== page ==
The Big One
In 1997, Moore directed The Big One, which documents the tour publicizing his book Downsize This! Random Threats from an Unarmed American, in which he criticizes mass layoffs despite record corporate profits. Among others, he targets Nike for outsourcing shoe production to Indonesia.
Bowling for Columbine
Moore’s 2002 filmBowling for Columbine, probes the culture of guns and violence in the United States, taking as a starting point the Columbine High School massacre of 1999.Bowling for Columbine won the Anniversary Prize at the 2002 Cannes Film Festival[20] and France’s Cesar Award as the Best Foreign Film. In the United States, it won the 2002Academy Award for Documentary Feature. It also enjoyed great commercial and critical success for a film of its type and became, at the time, the highest-grossing mainstream-released documentary (a record now held by Moore’s Fahrenheit 9/11). It was praised by some for illuminating a subject slighted by the mainstream media, but it was attacked by others who considered it inaccurate and misleading in its presentations and suggested interpretations of events.
Fahrenheit 9/11
Fahrenheit 9/11 examines America in the aftermath of the September 11, 2001 attacks, particularly the record of the Bush administration and alleged links between the families ofGeorge W. Bush and Osama bin LadenFahrenheit was awarded the Palme d’Or,[21] the top honor at the 2004 Cannes Film Festival; it was the first documentary film to win the prize since 1956. Moore later announced that Fahrenheit 9/11 would not be in consideration for the 2005 Academy Award for Documentary Feature, but instead for the Academy Award for Best Picture. He stated he wanted the movie to be seen by a few million more people, preferably on television, by election day. Since November 2 was less than nine months after the film’s release, it would be disqualified for the Documentary Oscar.[clarification needed] Moore also said he wanted to be supportive of his “teammates in non-fiction film.” However, Fahrenheit received no Oscar nomination for Best Picture. The title of the film alludes to the classic book Fahrenheit 451 about a future totalitarian state in which books are banned; according to the book, paper begins to burn at 451 degrees Fahrenheit. The pre-release subtitle of the film confirms the allusion: “The temperature at which freedom burns.” At the box office, Fahrenheit 9/11 is the second highest-grossing documentary of all time, taking in over US$200 million worldwide, including United States box office revenue of almost US$120 million.[3]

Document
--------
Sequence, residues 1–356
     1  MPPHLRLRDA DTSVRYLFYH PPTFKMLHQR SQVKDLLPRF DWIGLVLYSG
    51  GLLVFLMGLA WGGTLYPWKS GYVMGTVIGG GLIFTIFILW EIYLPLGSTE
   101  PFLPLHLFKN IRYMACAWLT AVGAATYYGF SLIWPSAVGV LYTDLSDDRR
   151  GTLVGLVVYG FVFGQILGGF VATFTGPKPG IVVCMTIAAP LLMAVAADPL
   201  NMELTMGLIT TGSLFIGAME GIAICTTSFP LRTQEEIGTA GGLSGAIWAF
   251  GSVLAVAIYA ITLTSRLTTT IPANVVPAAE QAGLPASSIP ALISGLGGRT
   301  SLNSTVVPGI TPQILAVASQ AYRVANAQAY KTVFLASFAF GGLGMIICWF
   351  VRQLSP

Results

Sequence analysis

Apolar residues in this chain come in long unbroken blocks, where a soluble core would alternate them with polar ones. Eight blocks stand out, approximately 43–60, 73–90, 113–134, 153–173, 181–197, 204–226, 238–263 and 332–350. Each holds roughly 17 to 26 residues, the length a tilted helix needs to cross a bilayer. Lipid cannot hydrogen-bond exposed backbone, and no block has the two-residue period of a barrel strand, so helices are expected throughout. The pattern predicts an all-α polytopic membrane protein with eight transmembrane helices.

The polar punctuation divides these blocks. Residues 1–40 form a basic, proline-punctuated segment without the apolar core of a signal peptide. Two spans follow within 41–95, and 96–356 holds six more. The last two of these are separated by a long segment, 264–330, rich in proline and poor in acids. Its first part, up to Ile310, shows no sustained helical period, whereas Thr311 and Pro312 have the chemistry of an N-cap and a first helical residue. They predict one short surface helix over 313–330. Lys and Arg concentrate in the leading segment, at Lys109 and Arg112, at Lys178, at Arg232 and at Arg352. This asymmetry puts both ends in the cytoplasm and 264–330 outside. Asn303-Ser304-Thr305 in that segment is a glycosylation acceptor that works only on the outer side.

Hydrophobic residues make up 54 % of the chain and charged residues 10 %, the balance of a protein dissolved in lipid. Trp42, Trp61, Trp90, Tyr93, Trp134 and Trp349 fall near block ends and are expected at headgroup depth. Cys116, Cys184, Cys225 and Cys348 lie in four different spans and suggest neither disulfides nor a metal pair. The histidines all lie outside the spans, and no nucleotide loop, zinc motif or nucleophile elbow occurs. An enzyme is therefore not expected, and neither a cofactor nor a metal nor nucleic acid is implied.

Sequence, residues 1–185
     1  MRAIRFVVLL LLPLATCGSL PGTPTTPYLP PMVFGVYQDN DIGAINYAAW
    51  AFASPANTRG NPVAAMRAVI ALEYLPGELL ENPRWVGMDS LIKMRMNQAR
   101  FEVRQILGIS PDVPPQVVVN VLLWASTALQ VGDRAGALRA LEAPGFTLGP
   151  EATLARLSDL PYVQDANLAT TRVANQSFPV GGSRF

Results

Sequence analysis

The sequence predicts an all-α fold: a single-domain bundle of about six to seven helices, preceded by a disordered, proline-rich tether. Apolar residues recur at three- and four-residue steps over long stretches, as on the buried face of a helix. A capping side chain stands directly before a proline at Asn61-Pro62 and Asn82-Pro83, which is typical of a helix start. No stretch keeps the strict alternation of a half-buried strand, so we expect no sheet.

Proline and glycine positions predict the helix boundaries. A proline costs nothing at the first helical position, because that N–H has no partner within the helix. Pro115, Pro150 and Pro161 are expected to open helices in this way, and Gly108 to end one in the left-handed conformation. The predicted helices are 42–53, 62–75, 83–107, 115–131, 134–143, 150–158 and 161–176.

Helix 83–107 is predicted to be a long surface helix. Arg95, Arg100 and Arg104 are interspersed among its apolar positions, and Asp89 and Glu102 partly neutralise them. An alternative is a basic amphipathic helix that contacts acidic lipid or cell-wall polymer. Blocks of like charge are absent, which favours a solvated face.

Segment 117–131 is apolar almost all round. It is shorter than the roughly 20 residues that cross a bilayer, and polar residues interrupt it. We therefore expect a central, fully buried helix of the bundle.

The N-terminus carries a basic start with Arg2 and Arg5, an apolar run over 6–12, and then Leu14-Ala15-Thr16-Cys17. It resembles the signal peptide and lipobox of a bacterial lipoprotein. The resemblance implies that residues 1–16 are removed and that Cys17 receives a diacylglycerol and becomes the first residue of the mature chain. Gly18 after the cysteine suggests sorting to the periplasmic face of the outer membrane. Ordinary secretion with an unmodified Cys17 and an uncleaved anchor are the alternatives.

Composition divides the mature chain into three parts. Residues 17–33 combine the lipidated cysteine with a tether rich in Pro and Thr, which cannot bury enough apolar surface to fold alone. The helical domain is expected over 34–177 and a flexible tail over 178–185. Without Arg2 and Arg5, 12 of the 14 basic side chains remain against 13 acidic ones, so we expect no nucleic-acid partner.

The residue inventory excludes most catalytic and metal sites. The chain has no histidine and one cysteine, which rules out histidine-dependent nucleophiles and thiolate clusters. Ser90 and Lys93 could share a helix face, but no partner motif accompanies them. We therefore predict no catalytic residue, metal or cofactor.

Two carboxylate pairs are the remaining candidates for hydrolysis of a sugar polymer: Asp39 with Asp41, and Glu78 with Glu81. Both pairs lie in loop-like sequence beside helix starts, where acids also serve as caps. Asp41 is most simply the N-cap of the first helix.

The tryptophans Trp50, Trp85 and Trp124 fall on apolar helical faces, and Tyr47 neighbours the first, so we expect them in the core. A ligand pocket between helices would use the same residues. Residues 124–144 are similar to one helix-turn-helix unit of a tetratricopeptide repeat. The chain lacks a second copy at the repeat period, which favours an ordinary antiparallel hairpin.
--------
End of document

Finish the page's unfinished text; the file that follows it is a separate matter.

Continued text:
Sicko
Moore directed this film about the American health care system, focusing particularly on the managed-care and pharmaceutical industries. At least four major pharmaceutical companiesPfizerEli LillyAstraZeneca, and GlaxoSmithKline—ordered their employees not to grant any interviews to Moore.[22][23][24] According to Moore on a letter at his website, “roads that often surprise us and lead us to new ideas – and challenge us to reconsider the ones we began with have caused some minor delays.” The film premiered at the Cannes Film Festival on 19 May 2007, receiving a lengthy standing ovation, and was released in the U.S. and Canada on 29 June 2007.[25] The film was the subject of some controversy when it became known that Moore went to Cuba with chronically ill September 11th rescue workers to shoot parts of the film. The United States is looking into whether this violates the trade embargo. The film is currently ranked the third highest grossing documentary of all time[3] and received an Academy Award nomination for Best Documentary Feature.[26]
Captain Mike Across America
[27] Moore takes a look at the politics of college students in what he calls “Bush Administration America” with this film shot during Moore’s 60-city college campus tour in the months leading up to the 2004 election.[28][29] The film was later re-edited by Moore into Slacker Uprising.
Capitalism: A Love Story
On September 23, 2009, Moore released a new movie titled Capitalism: A Love Story, which looks at the financial crisis of 2007–2010 and the U.S. economy during the transition between the incoming Obama Administration and the outgoing Bush Administration. Addressing a press conference at its release, Moore said, “Democracy is not a spectator sport, it’s a participatory event. If we don’t participate in it, it ceases to be a democracy. So Obama will rise or fall based not so much on what he does but on what we do to support him